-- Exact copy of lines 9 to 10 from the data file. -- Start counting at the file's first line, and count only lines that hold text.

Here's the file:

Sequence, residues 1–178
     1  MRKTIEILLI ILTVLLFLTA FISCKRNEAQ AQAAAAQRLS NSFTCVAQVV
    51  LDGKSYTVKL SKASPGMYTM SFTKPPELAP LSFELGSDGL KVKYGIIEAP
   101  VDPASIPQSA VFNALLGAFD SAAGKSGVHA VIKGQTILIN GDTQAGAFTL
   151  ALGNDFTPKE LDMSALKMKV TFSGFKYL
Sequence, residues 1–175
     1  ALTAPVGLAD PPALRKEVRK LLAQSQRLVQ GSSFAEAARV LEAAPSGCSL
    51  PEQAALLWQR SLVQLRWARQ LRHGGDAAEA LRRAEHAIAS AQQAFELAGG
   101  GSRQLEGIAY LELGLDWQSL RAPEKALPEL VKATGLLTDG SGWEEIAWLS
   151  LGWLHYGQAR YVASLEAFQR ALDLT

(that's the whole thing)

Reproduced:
   101  GSRQLEGIAY LELGLDWQSL RAPEKALPEL VKATGLLTDG SGWEEIAWLS
   151  LGWLHYGQAR YVASLEAFQR ALDLT